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VST India is ready for the electric revolution in agricultural automobiles.

Posted by Priya Singh On 24-Sep-2022 06:41 AM

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  • Electrification is already happening in some parts of the world, such as the United States, but we hope it will eventually come to India as well.


    Much of the coverage of India's transition to electric vehicles (EV) has focused on passenger and light commercial vehicles. However, it is sometimes overlooked that EVs are also well-suited for a variety of niche sectors. Tractors and tillers are two examples of agricultural vehicles.

    This is especially important in India, where agriculture has historically been seen as the main economic sector. Although official estimates show that agriculture contributed only 20% of GDP in 2020-2021, it nevertheless employs more than 50% of the overall population. Most notably, several government measures are aimed at boosting this sector.

    Several developed markets have already begun to electrify farm vehicles. Although India has yet to adopt them, this does not mean that Indian companies are not working on them. VST Tillers Tractors has already begun collaborating with other manufacturers.

    Antony Cherukara, CEO of VST Tillers Tractors stated, "Electrification is already happening in some parts of the world, such as the United States, but we hope it will eventually come to India as well. We have invested in Zimeno Inc, an electric, self-driving tractor firm (Monarch Tractor). We also furnish them with components."

    VST's electrification goals for the local market

    VST is equipped for electrification in India, having previously worked with worldwide firms. Cherukara anticipates that the Indian agricultural automotive market will be electrified within the next five to ten years.

    "VST does have plans for electrification," Cherukara stated. "We've been working on this project for three years. With this experience and the work we undertake for other firms, we can develop items for the Indian market as well. However, we predict that the electric tractor market in India will emerge within the next five to ten years. We'd be more than prepared at that point."

    However, Cherukara is clear that electrification represents a substantial shift for a firm and sector that has relied significantly on ICE vehicles for a long time. To make this transition happen, VST would need to collaborate with battery suppliers and other significant component makers in the EV supply chain.

    "In terms of collaborations, we would be interested in battery management systems and electrical part technology," Cherukara added. "We primarily provide mechanical tractors powered by an IC engine. So these are the competencies that we would need to develop as we move forward and consider collaborations in these areas."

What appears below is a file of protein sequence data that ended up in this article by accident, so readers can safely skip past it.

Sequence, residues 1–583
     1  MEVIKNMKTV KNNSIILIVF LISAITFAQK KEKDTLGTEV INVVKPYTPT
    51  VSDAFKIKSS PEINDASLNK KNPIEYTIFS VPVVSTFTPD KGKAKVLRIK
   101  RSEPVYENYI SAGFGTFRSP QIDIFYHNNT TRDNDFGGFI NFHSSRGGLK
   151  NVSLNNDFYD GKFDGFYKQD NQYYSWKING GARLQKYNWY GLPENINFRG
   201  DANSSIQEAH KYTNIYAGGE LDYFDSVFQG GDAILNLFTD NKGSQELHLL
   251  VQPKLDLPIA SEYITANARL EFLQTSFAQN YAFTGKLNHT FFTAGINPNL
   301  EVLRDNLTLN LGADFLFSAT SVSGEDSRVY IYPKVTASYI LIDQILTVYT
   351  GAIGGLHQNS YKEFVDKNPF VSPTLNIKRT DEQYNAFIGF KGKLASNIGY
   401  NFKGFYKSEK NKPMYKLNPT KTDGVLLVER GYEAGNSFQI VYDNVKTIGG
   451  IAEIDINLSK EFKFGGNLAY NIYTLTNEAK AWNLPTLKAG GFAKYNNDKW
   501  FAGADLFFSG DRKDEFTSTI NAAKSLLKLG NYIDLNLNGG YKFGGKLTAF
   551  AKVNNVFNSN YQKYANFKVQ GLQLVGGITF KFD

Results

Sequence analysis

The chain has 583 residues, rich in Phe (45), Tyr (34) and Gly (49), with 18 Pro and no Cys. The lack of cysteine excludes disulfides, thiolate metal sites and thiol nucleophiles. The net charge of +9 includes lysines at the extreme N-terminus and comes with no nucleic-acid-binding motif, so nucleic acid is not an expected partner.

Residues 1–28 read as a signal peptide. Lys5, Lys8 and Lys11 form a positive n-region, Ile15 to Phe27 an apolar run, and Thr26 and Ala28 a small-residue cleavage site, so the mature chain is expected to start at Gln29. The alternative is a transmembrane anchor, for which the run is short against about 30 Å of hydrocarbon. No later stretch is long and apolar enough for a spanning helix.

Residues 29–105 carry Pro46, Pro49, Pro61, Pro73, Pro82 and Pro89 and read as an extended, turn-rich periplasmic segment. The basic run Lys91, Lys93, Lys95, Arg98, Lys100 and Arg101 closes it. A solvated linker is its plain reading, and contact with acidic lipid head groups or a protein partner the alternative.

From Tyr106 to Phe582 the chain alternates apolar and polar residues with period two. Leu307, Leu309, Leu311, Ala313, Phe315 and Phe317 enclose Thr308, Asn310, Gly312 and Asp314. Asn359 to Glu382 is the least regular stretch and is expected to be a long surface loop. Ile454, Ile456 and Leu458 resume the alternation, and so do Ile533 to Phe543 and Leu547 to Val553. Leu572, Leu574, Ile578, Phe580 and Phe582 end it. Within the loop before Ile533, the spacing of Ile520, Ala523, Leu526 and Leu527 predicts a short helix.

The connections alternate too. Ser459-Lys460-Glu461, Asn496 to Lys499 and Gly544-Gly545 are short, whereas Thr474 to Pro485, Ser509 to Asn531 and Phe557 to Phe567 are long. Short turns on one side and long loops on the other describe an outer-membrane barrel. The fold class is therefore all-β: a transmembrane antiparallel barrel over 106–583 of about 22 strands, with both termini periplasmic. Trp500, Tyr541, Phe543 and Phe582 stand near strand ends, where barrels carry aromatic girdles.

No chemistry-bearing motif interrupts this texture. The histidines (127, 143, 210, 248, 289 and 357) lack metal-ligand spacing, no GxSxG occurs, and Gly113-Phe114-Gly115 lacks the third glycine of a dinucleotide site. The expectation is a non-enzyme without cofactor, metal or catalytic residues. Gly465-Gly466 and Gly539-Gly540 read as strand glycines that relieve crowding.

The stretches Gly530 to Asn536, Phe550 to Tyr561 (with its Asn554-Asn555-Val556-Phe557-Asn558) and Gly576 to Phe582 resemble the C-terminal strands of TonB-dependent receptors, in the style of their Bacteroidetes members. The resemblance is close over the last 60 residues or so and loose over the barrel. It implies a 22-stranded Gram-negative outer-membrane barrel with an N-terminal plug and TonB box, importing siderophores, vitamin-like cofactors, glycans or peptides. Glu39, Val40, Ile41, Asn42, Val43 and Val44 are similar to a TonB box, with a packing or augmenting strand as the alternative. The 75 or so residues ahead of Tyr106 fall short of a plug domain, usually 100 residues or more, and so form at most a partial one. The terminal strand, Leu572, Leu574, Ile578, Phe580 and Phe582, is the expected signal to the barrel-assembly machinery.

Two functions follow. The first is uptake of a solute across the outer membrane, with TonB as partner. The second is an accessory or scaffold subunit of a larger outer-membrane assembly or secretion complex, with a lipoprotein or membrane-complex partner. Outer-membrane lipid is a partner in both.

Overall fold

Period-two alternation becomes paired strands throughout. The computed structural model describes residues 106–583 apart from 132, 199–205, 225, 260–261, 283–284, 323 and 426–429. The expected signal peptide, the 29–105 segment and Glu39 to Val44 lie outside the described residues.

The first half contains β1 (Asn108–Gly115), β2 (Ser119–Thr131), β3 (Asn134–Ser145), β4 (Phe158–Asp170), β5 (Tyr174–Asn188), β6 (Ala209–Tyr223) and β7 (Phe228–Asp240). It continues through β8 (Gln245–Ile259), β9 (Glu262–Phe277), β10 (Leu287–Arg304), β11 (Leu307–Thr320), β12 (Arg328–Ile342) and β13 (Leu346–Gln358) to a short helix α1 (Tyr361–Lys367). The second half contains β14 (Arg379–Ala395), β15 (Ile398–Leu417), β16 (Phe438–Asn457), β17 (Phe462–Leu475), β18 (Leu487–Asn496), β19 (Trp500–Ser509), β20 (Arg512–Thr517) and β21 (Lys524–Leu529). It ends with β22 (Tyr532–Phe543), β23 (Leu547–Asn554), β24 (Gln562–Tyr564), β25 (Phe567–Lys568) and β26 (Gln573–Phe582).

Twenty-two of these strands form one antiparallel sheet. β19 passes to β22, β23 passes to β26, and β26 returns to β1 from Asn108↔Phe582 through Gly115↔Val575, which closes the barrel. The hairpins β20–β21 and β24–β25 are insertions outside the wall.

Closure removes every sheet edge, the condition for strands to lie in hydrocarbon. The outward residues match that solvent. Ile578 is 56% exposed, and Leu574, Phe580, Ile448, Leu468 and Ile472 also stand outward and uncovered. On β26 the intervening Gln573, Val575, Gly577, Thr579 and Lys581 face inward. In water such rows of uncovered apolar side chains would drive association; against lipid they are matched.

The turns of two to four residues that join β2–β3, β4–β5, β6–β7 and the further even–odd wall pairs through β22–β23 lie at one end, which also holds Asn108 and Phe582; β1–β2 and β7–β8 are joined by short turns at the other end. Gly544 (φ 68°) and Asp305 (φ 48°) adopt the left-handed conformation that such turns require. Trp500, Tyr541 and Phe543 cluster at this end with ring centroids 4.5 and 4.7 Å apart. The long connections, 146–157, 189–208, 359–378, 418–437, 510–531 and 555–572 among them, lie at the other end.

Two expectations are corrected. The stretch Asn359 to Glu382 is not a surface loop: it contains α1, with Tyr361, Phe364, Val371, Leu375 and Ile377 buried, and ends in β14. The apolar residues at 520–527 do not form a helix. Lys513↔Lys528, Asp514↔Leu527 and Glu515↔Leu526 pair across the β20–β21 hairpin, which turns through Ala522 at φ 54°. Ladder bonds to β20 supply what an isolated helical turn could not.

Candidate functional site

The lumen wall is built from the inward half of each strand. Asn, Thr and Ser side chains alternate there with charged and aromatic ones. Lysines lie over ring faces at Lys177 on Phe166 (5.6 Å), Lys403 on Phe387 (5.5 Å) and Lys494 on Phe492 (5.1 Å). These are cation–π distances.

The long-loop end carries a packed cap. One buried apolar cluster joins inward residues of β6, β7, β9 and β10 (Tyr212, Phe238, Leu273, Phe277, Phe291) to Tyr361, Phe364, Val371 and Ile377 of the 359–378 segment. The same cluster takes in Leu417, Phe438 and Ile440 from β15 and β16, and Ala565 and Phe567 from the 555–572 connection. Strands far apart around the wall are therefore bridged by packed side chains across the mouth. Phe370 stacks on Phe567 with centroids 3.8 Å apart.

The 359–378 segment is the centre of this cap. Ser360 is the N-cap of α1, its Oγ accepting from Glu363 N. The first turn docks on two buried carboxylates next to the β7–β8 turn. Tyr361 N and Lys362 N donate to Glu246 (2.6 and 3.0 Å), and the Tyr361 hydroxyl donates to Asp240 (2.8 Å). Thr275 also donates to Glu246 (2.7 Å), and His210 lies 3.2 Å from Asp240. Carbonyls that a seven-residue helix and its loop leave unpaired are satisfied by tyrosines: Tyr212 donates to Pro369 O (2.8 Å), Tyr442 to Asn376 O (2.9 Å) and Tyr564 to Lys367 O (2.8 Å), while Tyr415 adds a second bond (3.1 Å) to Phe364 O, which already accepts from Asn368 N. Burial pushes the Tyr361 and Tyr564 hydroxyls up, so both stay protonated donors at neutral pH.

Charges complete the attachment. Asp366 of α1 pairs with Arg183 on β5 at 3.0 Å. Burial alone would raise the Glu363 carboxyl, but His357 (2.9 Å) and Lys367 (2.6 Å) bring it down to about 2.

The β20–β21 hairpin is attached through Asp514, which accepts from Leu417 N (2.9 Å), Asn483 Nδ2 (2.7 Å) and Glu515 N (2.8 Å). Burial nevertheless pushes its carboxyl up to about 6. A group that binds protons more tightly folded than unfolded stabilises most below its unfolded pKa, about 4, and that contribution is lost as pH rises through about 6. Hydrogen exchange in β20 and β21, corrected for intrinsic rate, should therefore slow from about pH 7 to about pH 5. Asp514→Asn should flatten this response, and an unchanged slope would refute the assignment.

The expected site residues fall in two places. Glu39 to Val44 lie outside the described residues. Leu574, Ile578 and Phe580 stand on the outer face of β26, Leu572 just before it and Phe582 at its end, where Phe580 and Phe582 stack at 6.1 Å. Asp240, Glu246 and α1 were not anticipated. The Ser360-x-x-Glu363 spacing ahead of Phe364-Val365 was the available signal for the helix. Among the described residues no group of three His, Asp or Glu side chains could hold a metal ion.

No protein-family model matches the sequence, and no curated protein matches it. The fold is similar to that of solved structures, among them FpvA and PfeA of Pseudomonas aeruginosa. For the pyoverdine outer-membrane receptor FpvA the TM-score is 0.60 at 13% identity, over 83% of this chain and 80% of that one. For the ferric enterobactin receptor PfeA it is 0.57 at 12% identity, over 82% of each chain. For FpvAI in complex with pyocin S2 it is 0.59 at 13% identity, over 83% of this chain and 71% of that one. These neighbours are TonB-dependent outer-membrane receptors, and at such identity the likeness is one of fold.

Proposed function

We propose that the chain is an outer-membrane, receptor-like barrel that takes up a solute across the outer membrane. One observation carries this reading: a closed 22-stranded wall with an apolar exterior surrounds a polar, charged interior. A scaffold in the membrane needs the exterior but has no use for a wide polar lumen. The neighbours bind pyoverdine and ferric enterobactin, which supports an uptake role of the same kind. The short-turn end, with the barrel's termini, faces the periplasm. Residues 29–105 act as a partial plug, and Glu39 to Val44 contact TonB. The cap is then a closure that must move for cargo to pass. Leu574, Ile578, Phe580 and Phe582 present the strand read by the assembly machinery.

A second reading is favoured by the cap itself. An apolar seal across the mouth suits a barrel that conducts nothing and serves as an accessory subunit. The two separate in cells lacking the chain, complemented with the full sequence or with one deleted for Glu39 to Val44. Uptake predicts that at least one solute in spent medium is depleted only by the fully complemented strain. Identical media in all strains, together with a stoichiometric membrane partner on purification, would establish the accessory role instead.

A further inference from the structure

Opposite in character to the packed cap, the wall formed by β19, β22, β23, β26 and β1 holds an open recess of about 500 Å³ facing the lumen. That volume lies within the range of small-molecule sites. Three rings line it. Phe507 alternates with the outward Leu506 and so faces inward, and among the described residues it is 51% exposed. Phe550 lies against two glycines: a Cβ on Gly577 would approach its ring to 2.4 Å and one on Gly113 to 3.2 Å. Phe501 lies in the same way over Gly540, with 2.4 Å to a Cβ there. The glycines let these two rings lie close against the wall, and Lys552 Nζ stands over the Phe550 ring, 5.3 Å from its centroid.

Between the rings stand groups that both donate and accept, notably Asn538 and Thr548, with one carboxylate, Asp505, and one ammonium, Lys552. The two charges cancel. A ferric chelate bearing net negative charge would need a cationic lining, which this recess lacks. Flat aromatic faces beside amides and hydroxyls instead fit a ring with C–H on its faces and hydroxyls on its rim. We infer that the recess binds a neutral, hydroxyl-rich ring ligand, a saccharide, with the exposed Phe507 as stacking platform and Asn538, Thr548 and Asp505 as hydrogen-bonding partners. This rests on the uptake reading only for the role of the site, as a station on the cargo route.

What it takes to meet the specific requirements of Indian farmers


    The agriculture sector faces specific hurdles due to the nature of their work that must be overcome before EVs can make inroads. These difficulties may be exacerbated in a country like India, where the EV ecosystem is still in its early stages.

    "The amount of hours that the tractor can function on a single charge is the primary problem in the tractor category," Cherukara added. "It doesn't fulfil the purpose of a farmer until it's six to eight hours, which signifies a full day's labour. Farmers in nations such as the United States purchase a replaceable battery to get a continuous six to eight hours of operation because one stack only delivers three to four hours. However, due to the expense of batteries and the affordability aspect for Indian farmers, this may not be realistic in India."

    This means that when it comes to customer acceptance, pricing is essential. When battery and technology rates drop, we may see a significant move toward electric vehicles. Cherukara anticipates that this will occur first in compact and small tractors, followed by larger tractors due to operational duration.

    While VST has a clear picture of India's EV future, it is also looking at opportunities elsewhere. The company sees fertile ground in places such as California, where a combination of government initiatives and farming efforts is delivering results.

    "The ecosystem in the United States is far more advanced in terms of charging infrastructure and affordability," Cherukara explained. "For example, the government provides substantial subsidies for tractors sold in California. In such markets, electric tractors are heavily subsidized, and many large farmers choose autonomous tractors. Because of the ecosystem, these markets will grow faster, and we will engage in them."

    Concerns about a global chip shortage have impacted EV companies in most industries, but because agricultural vehicles utilize relatively few chips, they have not been as badly affected. Although there have been certain general supply chain restrictions, they are now also loosening. This is a sector to keep an eye on as goods get more affordable and India's EV ecosystem develops more.

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